I’m honored to share a guest post today. Without giving away more details, I’ll turn it right over to her. I promise that you will take away a powerful message from her words…
How much is your time really worth?
Isn’t that the million-dollar question!?
If you’re reading this, I will venture to guess you have some interest in personal finance. Maybe you’re working on paying down debt, building your emergency savings, or saving for early retirement. And you’re probably familiar with many of the money-saving, money-making strategies to accomplish your financial goals.
The question is: where do you draw the line between time and money?
It’s obviously different for everyone, but certain things that happen in our lives can cause us to evaluate this question more seriously.
I recently had one such life event (of my own doing). Last year, my husband and I completely renovated a home in 4 months.
At that time, I promised Vicki I would write a post for her with the nitty-gritty details of the renovations (and financials) for what was supposed to be a single-family rental property (which turned into a flip). As I explained to Vicki, I’ve become rather skittish about sharing those details.
For one, I don’t wish to share specifics since we no longer own the home. Even more, it’s not something I love to talk about. Not because we didn’t make money (we did). But because of the time we let it steal from our lives.
I thought it would be useful to share the short story and lessons I learned about the value of time. Because, now and then, I think we can all fall into the trap of putting money first.
The why behind it all
Some of you might remember me. I’m a former personal finance blogger (Amanda from Centsibly Rich). I suddenly and without warning sold my blog last fall – because time was at a premium and I was desperate to gain as much of it back as I could.
As you can imagine, as a former personal finance blogger, I like to think about, talk about, and strategize on money. And I’ve implemented much of what I’ve learned from other personal finance bloggers over the years.
My family is debt free (except our mortgage – which we could pay off). We also save a good percentage of our income. We have the basics down and are approaching financial independence in the next few years.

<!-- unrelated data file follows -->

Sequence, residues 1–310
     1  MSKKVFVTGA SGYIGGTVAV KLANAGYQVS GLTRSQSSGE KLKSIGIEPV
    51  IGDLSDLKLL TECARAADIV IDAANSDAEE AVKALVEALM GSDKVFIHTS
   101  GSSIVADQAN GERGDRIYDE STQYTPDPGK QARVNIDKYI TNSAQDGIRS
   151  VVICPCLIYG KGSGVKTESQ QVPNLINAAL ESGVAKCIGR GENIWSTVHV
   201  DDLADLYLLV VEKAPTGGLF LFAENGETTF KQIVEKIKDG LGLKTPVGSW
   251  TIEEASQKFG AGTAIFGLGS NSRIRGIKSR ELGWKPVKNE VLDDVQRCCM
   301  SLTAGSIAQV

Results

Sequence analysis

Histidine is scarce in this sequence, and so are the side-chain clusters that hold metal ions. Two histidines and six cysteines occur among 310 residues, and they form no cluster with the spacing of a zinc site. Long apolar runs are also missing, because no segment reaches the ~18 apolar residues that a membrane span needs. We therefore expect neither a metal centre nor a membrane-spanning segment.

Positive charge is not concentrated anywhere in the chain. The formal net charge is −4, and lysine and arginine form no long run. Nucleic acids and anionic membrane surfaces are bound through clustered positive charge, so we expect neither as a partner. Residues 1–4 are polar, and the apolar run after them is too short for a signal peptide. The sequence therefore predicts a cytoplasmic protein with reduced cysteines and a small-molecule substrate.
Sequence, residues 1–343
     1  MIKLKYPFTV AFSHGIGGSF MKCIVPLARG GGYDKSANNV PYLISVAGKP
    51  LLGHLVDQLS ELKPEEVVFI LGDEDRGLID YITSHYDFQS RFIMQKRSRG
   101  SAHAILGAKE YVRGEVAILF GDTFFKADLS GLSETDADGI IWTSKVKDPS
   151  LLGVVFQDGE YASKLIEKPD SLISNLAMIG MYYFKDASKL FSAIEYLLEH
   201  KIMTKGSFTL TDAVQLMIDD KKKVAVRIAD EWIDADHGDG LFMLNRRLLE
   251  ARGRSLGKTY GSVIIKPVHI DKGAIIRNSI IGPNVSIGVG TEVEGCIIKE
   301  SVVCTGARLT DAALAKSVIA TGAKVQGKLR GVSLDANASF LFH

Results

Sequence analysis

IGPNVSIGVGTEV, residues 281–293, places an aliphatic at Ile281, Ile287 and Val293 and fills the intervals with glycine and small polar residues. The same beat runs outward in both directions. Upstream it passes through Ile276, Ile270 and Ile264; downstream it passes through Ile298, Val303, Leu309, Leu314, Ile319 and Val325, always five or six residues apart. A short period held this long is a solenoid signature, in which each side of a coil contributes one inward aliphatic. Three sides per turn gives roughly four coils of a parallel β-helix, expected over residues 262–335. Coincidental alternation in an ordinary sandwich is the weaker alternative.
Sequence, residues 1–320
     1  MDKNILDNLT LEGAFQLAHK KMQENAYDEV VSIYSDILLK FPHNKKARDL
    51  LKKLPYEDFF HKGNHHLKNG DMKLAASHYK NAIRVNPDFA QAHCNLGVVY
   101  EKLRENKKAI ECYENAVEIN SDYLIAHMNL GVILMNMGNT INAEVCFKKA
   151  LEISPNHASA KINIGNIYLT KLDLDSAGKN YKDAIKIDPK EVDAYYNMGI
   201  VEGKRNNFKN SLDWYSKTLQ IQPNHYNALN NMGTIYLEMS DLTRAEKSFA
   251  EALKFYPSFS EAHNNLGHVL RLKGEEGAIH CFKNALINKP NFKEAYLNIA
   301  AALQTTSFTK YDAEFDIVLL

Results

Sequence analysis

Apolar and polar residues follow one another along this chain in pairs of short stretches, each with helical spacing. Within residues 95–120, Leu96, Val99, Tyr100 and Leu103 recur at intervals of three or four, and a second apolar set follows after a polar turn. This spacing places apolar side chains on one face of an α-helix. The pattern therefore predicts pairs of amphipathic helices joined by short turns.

But over the years, we realized there was a strategy we hadn’t yet tried. One that could move the needle toward FI more quickly. Namely, real estate investing.
Though we had talked and talked about it for years, we never actually took the leap. Last year we decided if we didn’t take action, we’d never know.
As I mentioned, we intended to purchase a single-family home to use as a rental property. But our local real estate market is super competitive. We realized to meet the 1% rule, we’d have to buy a “fixer-upper.”
We didn’t blink an eye over a little work. Over the years, we had honed some mad DIY skills. Plus, we entirely updated our last home by ourselves. How hard could it be? (Can you sense the sarcasm?)
Eventually, we purchased a single-family home in an amazing neighborhood. The house was overflowing with 30 years of the tenant’s “stuff” and was noticeably in need of updating and repairs.
Within a week of closing, it was apparent that behind all the piles of stuff and furniture, the scope of work was larger than anticipated.
Weeks of clearing out junk, trips to the dump, demo, cleaning, and hiring contractors ensued. When we got to the finishing stage, we thought we could finally see the light at the end of the tunnel. But even that seemed to drag on for weeks beyond what we anticipated. More money and even more time was spent.
The process seemed endless and consumed our nights and weekends for months. My husband works 9-5, so he worked on the house every day after work (and used a ton of vacation time). I worked on it all day, every day. Not only were we exhausted, but family time during these months was minimal.
The decision to flip
Thankfully, we started attending a local real estate meetup. The relationships, support, and advice that came out of this group was nothing short of amazing. Not only did we get help with some major construction projects, but we got advice from those who could show us the ropes.
One trusted professional helped us decide to change our strategy from a rental to a flip. We were in the middle of a hot seller’s market. And, considering the scope of work and money we invested, selling was the fastest way to recoup our money and make some too. At this point, we were tired and ready to wash our hands of the entire thing, making this option even more appealing.